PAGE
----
Linder complies, walking all the way over to his trash-burning barrel before Cross actually steps into the trailer. The place does seem fairly well and responsibly stocked, the bars on the windows notwithstanding, and when Cross exits again, Linder explains, "I burn those things so they can't be tracked." Cross asks about the next stop on Linder's little underground railroad. "Safe house," is all he says. Cross asks why he does it. "'Cause I can," he says. Probably because of how he's so trustworthy-looking. Cross says that Linder's story is pretty unusual. "Yeah, but not illegal," he says. Well, what about the part where he's smuggling undocumented Mexican nationals across the border? That seems a bit illicit. Cross asks why Linder referred to Eva as his bride earlier when she wasn't. "Because I am bound to her," he non-answers. As for whether Eva reciprocates his feelings, Linder says, "You'd have to ask her." How enlightened of him.
Cross asks if there's a chance she just went back to her boyfriend. "No, not really," Linder says, without mentioning how he crushed said boyfriend's skull with an iron not twenty yards away from Cross's former partner, and then used said boyfriend to radically modify the hood of his car. Linder vows to keep looking for Eva, "Tirelessly until I find her. But I think law enforcement would be helpful." Cross says she's not a Juarez cop. Gosh, if only she knew one. "The car that picked her up had Texas plates," Linder points out. "Help me find her." Unfortunately, it's not really all that unusual for women to be picked up in Juarez by cars with Texas plates, thanks in part to Linder himself.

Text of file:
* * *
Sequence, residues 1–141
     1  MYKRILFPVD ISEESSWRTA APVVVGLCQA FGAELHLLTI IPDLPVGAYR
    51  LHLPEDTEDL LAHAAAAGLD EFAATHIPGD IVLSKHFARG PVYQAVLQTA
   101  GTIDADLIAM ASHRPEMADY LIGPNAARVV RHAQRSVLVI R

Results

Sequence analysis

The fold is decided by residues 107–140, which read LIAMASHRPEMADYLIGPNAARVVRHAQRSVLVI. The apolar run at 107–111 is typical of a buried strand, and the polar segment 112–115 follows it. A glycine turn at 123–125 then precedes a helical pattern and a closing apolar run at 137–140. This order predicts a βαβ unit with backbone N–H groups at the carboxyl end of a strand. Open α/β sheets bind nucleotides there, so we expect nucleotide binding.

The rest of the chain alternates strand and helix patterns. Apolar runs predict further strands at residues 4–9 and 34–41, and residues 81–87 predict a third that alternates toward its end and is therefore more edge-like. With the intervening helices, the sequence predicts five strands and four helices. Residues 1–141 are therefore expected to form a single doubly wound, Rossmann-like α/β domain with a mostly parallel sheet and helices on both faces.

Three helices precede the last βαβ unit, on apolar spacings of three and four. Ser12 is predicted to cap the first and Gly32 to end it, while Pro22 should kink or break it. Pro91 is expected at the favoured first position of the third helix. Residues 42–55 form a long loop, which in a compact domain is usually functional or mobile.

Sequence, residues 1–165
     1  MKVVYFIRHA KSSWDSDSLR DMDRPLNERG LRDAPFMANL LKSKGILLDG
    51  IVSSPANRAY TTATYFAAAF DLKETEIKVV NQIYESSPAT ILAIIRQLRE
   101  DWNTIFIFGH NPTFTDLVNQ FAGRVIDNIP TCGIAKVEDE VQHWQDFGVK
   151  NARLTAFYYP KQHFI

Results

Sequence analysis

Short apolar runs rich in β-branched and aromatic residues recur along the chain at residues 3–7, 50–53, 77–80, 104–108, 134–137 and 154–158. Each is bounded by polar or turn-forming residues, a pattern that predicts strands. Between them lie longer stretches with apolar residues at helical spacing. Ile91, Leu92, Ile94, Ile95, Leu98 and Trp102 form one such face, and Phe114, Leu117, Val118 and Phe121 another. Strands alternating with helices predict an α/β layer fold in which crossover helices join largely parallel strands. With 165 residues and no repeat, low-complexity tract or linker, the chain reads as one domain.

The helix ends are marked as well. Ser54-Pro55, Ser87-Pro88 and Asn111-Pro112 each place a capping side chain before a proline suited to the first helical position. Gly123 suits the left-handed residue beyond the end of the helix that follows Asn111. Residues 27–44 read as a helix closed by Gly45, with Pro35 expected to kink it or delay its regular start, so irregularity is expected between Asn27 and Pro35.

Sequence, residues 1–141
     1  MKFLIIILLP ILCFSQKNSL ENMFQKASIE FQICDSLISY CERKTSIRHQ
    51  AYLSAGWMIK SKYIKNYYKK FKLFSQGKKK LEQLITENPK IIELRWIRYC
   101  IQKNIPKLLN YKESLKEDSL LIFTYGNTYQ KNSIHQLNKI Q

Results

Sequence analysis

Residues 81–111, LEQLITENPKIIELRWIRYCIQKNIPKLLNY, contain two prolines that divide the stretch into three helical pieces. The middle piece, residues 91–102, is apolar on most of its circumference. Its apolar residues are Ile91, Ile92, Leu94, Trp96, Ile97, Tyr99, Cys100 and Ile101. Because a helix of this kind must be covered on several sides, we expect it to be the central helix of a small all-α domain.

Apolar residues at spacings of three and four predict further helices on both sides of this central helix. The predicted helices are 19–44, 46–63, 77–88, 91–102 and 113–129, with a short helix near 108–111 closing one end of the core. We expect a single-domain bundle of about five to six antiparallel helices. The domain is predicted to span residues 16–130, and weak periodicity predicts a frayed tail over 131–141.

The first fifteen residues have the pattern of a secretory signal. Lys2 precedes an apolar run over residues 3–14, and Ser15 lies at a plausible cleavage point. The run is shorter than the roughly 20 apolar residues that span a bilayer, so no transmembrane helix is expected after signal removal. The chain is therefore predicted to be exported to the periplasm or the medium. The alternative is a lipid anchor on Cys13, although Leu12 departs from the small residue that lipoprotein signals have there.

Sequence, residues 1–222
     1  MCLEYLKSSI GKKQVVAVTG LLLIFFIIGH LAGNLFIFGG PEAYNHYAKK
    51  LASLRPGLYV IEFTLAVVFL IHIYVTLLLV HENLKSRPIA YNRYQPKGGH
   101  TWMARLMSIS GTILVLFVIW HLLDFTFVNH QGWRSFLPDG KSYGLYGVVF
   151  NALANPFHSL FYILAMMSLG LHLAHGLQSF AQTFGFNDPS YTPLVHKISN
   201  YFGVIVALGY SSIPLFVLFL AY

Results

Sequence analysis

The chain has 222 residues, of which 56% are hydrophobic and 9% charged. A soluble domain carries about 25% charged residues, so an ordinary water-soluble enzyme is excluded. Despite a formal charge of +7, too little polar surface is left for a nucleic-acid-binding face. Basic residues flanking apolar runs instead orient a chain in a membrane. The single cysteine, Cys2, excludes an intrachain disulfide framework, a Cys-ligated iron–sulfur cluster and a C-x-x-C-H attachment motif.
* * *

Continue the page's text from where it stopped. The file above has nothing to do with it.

Mendez is carting Frye -- alert and conscious, with one arm in a cast -- around the grounds of the hospital in a wheelchair, and you'll be shocked to hear that he's bitching about it endlessly. She tells him he's ready to start learning to wheel himself around, and when he argues that the chair is only temporary, she says she's not planning on pushing him around in the meantime. "I feel shitty," he whines. Mendez points out that the hospital is depressing and he needs to come back to work. Frye rests his head on one hand and offers to tell her what he was thinking while he was plummeting to almost-certain death. "Check me out, I'm Superman?" she guesses. Nope, he thought, "Don't let me die. I want to live." Mendez points out that he did, but now he's wondering for what. "Life is short and I've already wasted so much of mine. I don't recommend it, by the way." Yeah, Rasputin, but you seem to have several of them.